‘Albert’s Gardens’ Climate Change Project, 2005-2008

In October, 2005, a group of volunteers from the club planted 300 ‘Red Emperor’ tulips, provided by the National Capital Commission, at the Cenotaph flower bed in Memorial Park, Athens, as participants in a project to assess climate change. Eleven horticultural societies in the region planted the same number of the same kind of tulip during the same week. Students from Athens District High School recorded specific information daily in 2006, 2007 and 2007, during the growth cycle of the tulips. The data from all sites was analyzed by Mississippi Field Naturalists, as part of a study named for Albert, a Lanark County gardener who observed the spring growth of plants in his garden.

Athens District Health Center Garden, 2008
During 2007 and 2008, the Athens District Health Centre building was renovated and extended. On completion of the work, Athens Garden Club and Township of Athens Community in Blooms teamed up to jointly fund, design and plant a new garden at the front of the building. The garden was planted with shrubs and perennials in the fall of 2008. The plantings have thrived and the attractive setting is much appreciated by staff and clients of the Health Centre, which maintains the garden.

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Athens District Public Library Garden

In 2008, Athens Garden Club initiated the creation of a new garden in front of Athens Public Library, a heritage stone building which was formerly Front of Yonge Township Hall. The Club is grateful for the assistance of the O.H.A. which awarded a grant of $500.00 towards costs of this project.
In October, 2008, a contest was announced, open to area residents as well as members of the Club, to select a design for the garden. Design criteria included low maintenance demands; water conservation and drought tolerance; use of native plants; re-cycling; and food and shelter for beneficial insects and birds. A panel of judges chose the best three designs entered in the contest, which were then displayed at the Library during March, 2009, so that members of the public could vote for their favorite design. The winner was Athens Garden Club member, Terri Olivo.
During the summer of 2010, flower beds and a walkway were constructed and a tree, shrubs and Spring-flowering bulbs were planted, and the beds mulched. Perennials and decorative features, including benches, birdbath, bird-feeder and trough gardens, were added to complete the garden in Spring, 2011. The garden is maintained by volunteers from Athens Garden Club.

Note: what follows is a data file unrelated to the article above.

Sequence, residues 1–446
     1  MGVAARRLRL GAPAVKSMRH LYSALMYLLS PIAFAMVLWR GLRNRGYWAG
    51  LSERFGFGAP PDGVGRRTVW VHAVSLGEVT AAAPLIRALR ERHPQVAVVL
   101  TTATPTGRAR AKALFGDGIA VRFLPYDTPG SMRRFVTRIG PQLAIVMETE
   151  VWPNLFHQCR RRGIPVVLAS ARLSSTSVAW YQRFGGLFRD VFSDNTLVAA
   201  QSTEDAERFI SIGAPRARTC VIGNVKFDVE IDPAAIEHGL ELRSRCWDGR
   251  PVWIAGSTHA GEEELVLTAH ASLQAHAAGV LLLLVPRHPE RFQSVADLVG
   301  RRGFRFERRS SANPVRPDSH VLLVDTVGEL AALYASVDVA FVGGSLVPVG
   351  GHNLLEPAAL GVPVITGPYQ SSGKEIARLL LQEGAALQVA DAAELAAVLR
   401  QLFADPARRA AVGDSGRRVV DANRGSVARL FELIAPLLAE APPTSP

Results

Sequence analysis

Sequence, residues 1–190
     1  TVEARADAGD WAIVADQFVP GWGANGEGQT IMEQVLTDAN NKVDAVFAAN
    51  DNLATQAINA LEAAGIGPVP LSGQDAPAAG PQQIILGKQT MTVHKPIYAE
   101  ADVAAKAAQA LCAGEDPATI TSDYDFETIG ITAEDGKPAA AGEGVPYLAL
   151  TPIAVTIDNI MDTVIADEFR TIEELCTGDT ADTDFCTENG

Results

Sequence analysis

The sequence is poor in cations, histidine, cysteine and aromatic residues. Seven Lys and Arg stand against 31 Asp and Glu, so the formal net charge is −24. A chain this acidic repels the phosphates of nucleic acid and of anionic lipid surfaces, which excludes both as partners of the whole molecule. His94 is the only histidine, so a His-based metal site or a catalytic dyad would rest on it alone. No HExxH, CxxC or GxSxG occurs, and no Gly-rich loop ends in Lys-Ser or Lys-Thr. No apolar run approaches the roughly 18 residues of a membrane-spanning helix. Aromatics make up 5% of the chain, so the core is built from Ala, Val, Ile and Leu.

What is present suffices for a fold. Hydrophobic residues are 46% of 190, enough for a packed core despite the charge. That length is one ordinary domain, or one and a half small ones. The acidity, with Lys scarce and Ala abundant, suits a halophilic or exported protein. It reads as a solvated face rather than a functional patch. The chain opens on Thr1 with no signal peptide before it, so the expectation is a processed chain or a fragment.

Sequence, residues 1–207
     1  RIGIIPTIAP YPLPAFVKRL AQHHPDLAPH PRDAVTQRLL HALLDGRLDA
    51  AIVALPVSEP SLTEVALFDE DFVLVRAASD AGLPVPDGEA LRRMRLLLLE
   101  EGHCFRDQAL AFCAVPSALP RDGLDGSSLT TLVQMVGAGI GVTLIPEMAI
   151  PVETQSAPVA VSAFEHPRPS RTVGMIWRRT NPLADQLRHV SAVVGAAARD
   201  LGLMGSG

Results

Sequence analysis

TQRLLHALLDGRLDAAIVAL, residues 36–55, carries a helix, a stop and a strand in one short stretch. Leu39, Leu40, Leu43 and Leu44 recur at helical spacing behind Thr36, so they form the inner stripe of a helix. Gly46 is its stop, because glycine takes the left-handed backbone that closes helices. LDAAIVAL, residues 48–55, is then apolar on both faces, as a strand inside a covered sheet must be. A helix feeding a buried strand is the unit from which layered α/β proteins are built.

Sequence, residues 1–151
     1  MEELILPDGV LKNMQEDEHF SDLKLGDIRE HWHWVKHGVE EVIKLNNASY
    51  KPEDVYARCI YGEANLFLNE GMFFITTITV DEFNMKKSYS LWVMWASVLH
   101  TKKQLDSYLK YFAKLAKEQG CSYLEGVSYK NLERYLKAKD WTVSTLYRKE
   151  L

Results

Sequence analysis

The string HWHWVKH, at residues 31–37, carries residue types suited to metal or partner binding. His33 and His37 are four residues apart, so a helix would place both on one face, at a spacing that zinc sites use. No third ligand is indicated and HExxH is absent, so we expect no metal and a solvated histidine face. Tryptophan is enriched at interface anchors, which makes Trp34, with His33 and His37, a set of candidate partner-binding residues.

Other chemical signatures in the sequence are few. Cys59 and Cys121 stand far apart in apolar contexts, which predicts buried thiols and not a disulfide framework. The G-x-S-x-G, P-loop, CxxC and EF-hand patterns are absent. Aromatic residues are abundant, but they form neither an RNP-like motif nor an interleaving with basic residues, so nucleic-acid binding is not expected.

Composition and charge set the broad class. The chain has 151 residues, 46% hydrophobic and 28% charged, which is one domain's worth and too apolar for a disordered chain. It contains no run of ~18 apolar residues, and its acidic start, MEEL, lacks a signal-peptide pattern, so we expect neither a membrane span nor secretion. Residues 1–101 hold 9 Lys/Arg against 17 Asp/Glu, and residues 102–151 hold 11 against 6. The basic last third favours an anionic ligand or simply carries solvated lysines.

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Athens Community Food Garden

Athens Garden Club’s latest garden is a team project involving a partnership between the Club, Athens District High School, Athens District Food Bank and the Municipality of Athens, which has supplied the site on municipal property adjacent to the Works Garage. The Club coordinates the project. The idea was sparked in 2013 by a group of students and developed in 2014 to increase access to fresh produce at the Food Bank.

Students taking the school’s Outdoor Education course, led by the two teachers of the course, fenced, prepared, planted and tended the plot, with volunteer assistance from an expert gardener. After school ended in June, community volunteers, coordinated by a Garden Club member, took over for the rest of the season. A different individual, couple or family took responsibility for the care of the garden for one week. Produce was harvested weekly and delivered to the Food Bank, where it was greatly appreciated by clients.

Support for the project has been enthusiastic and the Garden Club and its partners are looking forward to continuing it in 2015.

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Community Garden Oct 27 2014